-Author name in bold denotes the presenting author
-Asterisk * with author name denotes a Non-ASH member
Clinically Relevant Abstract denotes an abstract that is clinically relevant.

PhD Trainee denotes that this is a recommended PHD Trainee Session.

Ticketed Session denotes that this is a ticketed session.

4878 Causes of Death in Patients with Sickle Cell Disease from a Large Population-Based Cohort

Program: Oral and Poster Abstracts
Session: 904. Outcomes Research—Non-Malignant Conditions: Poster III
Hematology Disease Topics & Pathways:
Research, Sickle Cell Disease, health outcomes research, Clinical Research, Hemoglobinopathies, Diseases
Monday, December 12, 2022, 6:00 PM-8:00 PM

Nicholas W Wilson1, Lindsey Abel, BS2*, Kristina Lai, MPH3*, Marianne M Yee, MD, MSc4, Peter Lane, MD5* and Beatrice E Gee, MD6

1Morehouse School of Medicine, Atlanta, GA
2Aflac Cancer and Blood Disorders Center, Children’s Healthcare of Atlanta, Atlanta, GA
3University of California, Davis, Davis, CA
4Center for Transfusion and Cellular Therapies, Department of Pathology and Laboratory Medicine, Department of Pediatrics, Division of Hematology/Oncology, Children's Healthcare of Atlanta; Emory University School of Medicine, Atlanta, GA
5Aflac Cancer and Blood Disorders Service, Children's Healthcare of Atlanta, Atlanta, GA
6Aflac Cancer and Blood Disorders Service, Children's Healthcare of Atlanta/Emory University, Atlanta, GA


Mortality rates and causes of death in children with sickle cell disease (SCD) have changed significantly over the past several decades. With ongoing improvements in standards of care, modern mortality rates and causes of death must be updated. Children’s Healthcare of Atlanta (CHOA) houses one of the largest pediatric SCD programs in the country. This analysis reviews causes of death in children with SCD who were treated at CHOA between June 2010-June 2022.


We reviewed the CHOA’s Sickle Cell Clinical Database (SCCD) for deceased patients. Demographics, SCD genotype, date and age at death, healthcare utilization, hydroxyurea (HU) use, chronic transfusion therapy (CTT), and bone marrow transplant (BMT) were obtained from the SCCD. Cause of death and history of significant comorbidities were abstracted from the medical record, death certificates and/or autopsy reports.


A total of 4022 unique patients with SCD were seen at CHOA from June 2010- June 2022. Fifty-seven patients died during this period. All but 1 patient had been seen in the CHOA Sickle Cell Outpatient Clinic at least once. That patient received SCD care at a different institution, died from complications of a non-SCD related disease following transfer to CHOA, and was excluded from analysis.

SCD-related causes accounted for 22 (39%) deaths. Acute SCD-related causes included bone marrow fat emboli, acute chest syndrome or pneumonia, cerebral hemorrhage in a person with history of stroke and moyamoya, and pulmonary hypertensive crisis. Of the infectious causes included Streptococcus pneumoniae, gram negative bacteria, unspecified streptococcal meningitis (by verbal report), and due to presumed septic shock complicated by severe anemia. Viral infections included respiratory syncytial virus, COVID-19 with severe anemia, and Parvovirus B-19 complicated by bone marrow fat emboli. Death due to complications of treatment included ceftriaxone-induced hemolysis and severe intrathoracic hemorrhage after apheresis catheter removal for treatment of ACS. BMT-associated complications included adenovirus infection after transplant with a matched unrelated donor and Epstein-Barr virus-associated hemophagocytic lymphohistiocytosis after haploidentical transplant (see Figure 1).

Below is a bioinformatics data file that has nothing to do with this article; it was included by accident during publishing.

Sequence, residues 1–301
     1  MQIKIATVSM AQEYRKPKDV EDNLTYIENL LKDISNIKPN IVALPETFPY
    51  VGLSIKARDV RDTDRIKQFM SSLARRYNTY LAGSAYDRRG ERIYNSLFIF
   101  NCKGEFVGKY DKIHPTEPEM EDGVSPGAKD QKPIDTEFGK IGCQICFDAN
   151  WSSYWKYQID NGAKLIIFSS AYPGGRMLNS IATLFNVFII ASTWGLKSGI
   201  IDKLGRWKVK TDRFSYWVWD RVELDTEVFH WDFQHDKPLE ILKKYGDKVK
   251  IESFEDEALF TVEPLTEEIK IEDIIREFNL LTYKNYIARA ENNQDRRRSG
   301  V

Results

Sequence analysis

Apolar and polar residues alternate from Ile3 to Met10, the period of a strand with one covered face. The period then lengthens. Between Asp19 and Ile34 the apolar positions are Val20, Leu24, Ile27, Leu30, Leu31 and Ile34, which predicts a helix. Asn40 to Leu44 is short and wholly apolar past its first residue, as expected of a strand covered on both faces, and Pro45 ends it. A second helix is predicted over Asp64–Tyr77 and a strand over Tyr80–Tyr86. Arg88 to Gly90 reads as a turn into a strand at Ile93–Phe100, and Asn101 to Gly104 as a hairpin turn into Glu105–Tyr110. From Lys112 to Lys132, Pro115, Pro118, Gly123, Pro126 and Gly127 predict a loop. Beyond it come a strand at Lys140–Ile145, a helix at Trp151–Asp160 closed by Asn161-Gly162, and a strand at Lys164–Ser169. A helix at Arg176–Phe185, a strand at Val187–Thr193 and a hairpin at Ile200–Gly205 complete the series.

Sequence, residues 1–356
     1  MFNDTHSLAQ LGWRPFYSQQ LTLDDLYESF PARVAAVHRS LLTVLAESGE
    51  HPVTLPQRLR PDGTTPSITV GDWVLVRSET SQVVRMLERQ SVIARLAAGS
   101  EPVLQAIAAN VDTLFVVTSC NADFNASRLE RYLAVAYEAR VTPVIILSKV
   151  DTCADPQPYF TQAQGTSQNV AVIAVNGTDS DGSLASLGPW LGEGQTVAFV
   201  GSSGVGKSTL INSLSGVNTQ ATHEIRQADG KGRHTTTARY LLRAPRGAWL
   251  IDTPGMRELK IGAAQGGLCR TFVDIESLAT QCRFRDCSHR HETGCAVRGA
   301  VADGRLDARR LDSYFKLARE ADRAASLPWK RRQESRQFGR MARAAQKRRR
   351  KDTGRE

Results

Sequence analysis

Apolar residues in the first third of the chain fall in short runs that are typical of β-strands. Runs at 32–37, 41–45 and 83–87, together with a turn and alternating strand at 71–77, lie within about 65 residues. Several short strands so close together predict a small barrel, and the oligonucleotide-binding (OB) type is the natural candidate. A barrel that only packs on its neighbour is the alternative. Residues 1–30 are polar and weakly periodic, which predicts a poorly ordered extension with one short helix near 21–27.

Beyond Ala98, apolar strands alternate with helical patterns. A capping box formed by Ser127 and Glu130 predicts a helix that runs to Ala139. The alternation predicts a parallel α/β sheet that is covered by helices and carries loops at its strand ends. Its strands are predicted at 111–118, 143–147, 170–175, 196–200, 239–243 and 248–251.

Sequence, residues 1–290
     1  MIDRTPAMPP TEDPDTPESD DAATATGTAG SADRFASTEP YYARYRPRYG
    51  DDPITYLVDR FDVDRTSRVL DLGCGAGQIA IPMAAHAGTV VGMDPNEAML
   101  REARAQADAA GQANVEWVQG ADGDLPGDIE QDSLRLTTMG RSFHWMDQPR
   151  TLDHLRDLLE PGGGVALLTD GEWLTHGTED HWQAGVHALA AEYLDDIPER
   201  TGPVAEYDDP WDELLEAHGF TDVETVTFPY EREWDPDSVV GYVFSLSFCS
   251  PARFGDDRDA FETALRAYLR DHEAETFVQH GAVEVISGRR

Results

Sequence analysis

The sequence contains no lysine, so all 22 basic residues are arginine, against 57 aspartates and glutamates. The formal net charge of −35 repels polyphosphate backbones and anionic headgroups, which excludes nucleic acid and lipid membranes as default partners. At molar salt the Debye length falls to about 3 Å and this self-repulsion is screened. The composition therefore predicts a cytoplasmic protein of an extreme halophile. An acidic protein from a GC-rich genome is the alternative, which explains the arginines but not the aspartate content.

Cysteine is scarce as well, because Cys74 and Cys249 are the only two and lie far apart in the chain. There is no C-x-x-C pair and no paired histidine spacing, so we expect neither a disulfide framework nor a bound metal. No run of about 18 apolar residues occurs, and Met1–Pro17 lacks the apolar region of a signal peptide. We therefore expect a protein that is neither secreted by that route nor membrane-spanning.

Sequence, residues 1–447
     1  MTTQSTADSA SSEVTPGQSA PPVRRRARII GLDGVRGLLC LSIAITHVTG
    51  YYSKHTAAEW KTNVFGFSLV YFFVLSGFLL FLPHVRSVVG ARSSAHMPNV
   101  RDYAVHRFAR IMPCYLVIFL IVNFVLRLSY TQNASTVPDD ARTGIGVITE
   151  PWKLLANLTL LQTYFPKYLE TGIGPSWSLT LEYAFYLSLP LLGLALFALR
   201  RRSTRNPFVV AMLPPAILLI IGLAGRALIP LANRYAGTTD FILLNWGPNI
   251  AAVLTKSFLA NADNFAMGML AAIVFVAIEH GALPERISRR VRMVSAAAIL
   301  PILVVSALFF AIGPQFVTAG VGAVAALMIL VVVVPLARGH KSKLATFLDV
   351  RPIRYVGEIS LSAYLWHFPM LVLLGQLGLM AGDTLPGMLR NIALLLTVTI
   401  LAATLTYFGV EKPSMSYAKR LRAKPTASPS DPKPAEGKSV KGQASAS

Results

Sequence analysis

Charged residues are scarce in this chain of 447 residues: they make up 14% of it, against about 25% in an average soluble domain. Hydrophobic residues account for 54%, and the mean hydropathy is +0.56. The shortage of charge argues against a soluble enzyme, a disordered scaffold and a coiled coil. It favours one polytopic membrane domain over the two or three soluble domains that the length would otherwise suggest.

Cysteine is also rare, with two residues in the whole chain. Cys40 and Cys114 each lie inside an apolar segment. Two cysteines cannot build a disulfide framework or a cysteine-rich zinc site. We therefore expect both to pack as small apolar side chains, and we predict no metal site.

Non-SCD comorbidities or accidents accounted for 15 (27%) deaths. These included heart disease, advanced cancer or complications of cancer (including E. coli sepsis in a child with relapsed neuroblastoma), accidents, one due to motor vehicle accident and one drowning. Gastrointestinal causes included bleeding from undiagnosed inflammatory bowel disease and liver failure leading to coagulopathy and intracranial hemorrhage. There was a case of severe anemia related to systemic lupus erythematosus.

The causes of death were unknown in the remaining 19 (34%) of individuals. Six (11%) were under 18 years of age. Five died at home or out of state and had no autopsy information, one had autopsy declined by the coroner. Of those who were 18 years of age or older, 7 (53%) were lost to follow-up, 3 (23%) had transitioned to adult care, and 3 (23%) were still being treated at CHOA.

There were more deaths in the 0-2 year and 15-17 year groups, and the most among adults (n = 19, 34%). Death from congenital heart disease was more frequent in children 0-5 years old. Pneumococcal sepsis were in children 5-7 years old, after stopping penicillin and before the second Pneumovax vaccine. Other bacterial infections were evenly distributed by age. Non-infectious SCD-related deaths were more likely to occur in patients 12 years and older (n = 6, 86%) (Figure 2).


Continuing from a previous study by Lai et al. (2020) which reported the 10-year mortality rate at CHOA, this study described the causes of death of SCD patients during a 12-year period. Of direct SCD-related causes, bone marrow fat embolism was the most common and was also present in a patient who also had Parvovirus-B19 infection. Severe anemia was present in several patients at the time of death, associated with ceftriaxone-induced hemolysis, presumed septic shock, COVID-19, systemic lupus erythematosus, as well as G or intracranial hemorrhage. Patients beginning transition to adult care are at risk of becoming lost to follow-up and may experience difficulties transitioning to adult care. Future analyses will include review of regional hospital where available, and CDC’s National Death Index.

Disclosures: No relevant conflicts of interest to declare.

*signifies non-member of ASH